I don’t get it.
I had to read Shades of Grey after my girlfriend told me how much it ramped up her sex life. Apparently, she’s not the only fan out there. The book has sold over two million copies in just one month and it’s a non-stop topic at women’s book clubs. Mommy bloggers are raving about it. I have a friend whose teen-age daughter and her friends read it. Could this book really be the 21st century equivalent of a Jane Austen novel?
My husband downloaded the book and we settled into to read it together. Sounds racy and exciting, right? NOT!
In truth, the book annoys me. Nothing in the minimal plot has anything to do with my idea of foreplay. I don’t get the whole submissive/dominant thing. It sounds so claustrophobic. All the closed spaces, the restraints, someone telling me what to do – HELP! Makes me want to RUN away as fast as possible. Set me free on a 50-mile bike ride with my man, a country inn as our landing pad — now that’s foreplay.
But what excites us, what turns any of us on? My guess is it’s a combination of our own chemistry mixed with our fantasies. How we were raised, the media, TV shows, movies and comic book heroes, first crushes, girlfriend talk and most importantly memories of our early years. I decided to take a gander back in time to see why Shades of Grey made my skin crawl.
I am the third of four girls. I never dealt with boys until I was 18. I played in a neighborhood full of girls until age 12 and went to an all-girls summer camp. At 13, I went to an all-girls private school. My best friend, Joanne, also one of three girls and I spent almost every weekend at her house.
Boys were foreign objects, odd, leering, and curious. I avoided them as best I could. Any time I was around boys I developed serious sharp pains in my gut and my palms would get very sweaty.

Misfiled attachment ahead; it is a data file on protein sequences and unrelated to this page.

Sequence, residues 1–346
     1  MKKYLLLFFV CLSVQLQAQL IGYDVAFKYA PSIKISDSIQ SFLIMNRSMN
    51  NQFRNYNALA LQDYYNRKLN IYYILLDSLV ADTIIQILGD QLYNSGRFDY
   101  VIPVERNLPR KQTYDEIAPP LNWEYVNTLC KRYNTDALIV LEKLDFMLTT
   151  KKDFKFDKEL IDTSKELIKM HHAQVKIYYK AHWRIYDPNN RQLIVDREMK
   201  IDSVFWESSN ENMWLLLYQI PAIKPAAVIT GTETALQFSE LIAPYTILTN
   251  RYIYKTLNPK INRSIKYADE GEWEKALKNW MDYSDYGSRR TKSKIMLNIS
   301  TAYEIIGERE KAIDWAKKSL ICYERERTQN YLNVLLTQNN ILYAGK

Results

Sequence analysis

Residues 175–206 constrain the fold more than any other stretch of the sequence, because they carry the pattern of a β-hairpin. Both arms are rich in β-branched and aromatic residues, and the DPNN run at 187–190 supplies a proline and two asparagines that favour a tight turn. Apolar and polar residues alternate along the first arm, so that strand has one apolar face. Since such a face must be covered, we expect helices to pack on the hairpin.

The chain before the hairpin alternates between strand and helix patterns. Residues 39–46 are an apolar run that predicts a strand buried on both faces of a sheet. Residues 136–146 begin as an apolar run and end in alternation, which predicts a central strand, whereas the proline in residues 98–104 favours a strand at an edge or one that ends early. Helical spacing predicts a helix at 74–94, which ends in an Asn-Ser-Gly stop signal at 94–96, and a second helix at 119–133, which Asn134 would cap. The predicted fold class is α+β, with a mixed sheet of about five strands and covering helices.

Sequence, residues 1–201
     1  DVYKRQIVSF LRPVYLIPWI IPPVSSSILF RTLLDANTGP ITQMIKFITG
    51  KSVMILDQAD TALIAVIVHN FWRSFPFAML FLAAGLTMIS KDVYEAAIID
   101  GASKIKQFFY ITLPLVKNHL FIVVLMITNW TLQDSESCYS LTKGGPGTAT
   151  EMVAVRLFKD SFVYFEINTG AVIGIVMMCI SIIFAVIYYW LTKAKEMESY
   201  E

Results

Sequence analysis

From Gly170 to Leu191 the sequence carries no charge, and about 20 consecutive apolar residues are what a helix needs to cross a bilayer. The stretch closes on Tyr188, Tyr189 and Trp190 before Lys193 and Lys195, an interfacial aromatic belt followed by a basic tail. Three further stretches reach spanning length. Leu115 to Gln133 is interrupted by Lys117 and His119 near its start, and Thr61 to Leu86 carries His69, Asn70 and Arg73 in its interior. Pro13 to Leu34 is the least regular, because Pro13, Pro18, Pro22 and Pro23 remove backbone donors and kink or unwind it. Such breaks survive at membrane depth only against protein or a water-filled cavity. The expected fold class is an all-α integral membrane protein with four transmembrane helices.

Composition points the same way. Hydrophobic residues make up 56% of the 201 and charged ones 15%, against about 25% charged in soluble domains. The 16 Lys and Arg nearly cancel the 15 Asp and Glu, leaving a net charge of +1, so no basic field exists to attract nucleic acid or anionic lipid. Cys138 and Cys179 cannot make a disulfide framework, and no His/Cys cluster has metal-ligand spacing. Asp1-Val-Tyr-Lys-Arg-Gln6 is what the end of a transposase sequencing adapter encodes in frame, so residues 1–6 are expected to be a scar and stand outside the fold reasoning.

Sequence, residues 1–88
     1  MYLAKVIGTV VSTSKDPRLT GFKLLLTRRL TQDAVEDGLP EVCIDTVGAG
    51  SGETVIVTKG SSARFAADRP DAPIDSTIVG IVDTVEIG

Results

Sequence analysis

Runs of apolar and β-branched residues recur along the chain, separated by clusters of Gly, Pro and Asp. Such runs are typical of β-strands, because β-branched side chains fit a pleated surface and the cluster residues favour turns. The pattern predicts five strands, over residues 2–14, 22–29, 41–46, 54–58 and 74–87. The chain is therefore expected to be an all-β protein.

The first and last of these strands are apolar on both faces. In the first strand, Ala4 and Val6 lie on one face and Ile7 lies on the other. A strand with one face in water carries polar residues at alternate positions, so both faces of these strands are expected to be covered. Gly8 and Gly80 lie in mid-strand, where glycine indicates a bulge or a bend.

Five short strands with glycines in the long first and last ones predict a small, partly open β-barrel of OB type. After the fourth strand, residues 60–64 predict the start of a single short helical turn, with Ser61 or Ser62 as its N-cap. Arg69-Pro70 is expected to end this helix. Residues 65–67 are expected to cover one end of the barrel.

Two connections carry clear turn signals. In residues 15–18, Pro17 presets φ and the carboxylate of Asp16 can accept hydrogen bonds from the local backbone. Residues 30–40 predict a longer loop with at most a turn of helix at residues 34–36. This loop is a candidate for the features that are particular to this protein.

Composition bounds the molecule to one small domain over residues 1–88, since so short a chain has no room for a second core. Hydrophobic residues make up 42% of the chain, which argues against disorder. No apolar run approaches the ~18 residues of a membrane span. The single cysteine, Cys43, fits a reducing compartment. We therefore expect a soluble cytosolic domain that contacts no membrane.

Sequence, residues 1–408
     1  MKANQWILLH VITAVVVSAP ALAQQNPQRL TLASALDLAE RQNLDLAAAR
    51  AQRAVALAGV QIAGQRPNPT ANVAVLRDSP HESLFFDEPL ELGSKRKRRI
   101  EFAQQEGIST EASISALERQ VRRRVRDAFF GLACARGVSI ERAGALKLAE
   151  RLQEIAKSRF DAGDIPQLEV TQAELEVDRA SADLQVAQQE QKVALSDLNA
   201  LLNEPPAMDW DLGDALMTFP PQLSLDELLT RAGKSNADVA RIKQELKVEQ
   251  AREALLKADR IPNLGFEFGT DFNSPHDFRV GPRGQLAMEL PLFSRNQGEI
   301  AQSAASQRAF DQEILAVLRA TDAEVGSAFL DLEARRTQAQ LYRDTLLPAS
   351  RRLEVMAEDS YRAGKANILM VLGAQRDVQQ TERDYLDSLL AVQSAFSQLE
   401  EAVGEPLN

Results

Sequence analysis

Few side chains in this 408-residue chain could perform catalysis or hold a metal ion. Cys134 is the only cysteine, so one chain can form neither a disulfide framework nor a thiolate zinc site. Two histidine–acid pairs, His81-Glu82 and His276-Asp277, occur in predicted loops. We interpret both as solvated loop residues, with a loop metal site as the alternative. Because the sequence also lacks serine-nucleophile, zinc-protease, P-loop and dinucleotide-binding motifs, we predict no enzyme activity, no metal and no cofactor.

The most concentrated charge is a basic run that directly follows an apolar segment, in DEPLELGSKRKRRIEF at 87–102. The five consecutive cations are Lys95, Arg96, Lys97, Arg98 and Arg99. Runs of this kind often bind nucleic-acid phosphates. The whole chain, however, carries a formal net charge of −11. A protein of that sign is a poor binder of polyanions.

That said, I have always been a total jock. My dad raised my three sisters and me as he would have raised sons. We spent our weekends on bikes, hiking in New Hampshire, body surfing, sailing, skiing in Maine, on the tennis courts and hanging upside down on monkey bars.
I never went through the traditional girl “training.” My mom loved to shop and I didn’t. Boxes of clothes from the Taylors (Ann and Lord &) frequently appeared on my bed. I usually rejected them preferring my peasant blouses and ripped jeans. Mom loved to cook, but I was never in the kitchen. Domestic chores were not on my radar.
I left home at 17 to go to college, my new world felt limitless. I learned about men that freshman year and what I learned was that hiking up through the mountains outside Boulder Colorado got my juices flowing. My perfect date: A day trip in the mountains. The crisp fall air that first freshman fall filled my lungs, my legs aching as we scaled the rocks around a waterfall and settled in trailside for an afternoon of ecstasy. Fresh air, earth, freedom and the endless sky – my version of E.L. James’ opus would be titled “bursts of blue” rather than “shades of grey.”
When I think about the appeal of Shades of Grey, I wonder if we’re raising our daughters to be heroines in a Jane Austen novel with marriage as the overall goal? It also pains me to think we haven’t moved beyond the shameless double standard portrayed in Jane Eyre or Tess of the D’urbervilles. Do women unwittingly perpetuate images of submissive, helpless women by going gaga over Shades of Grey?
Life is rarely black and white. The world can be grey. But does it have to be this shade?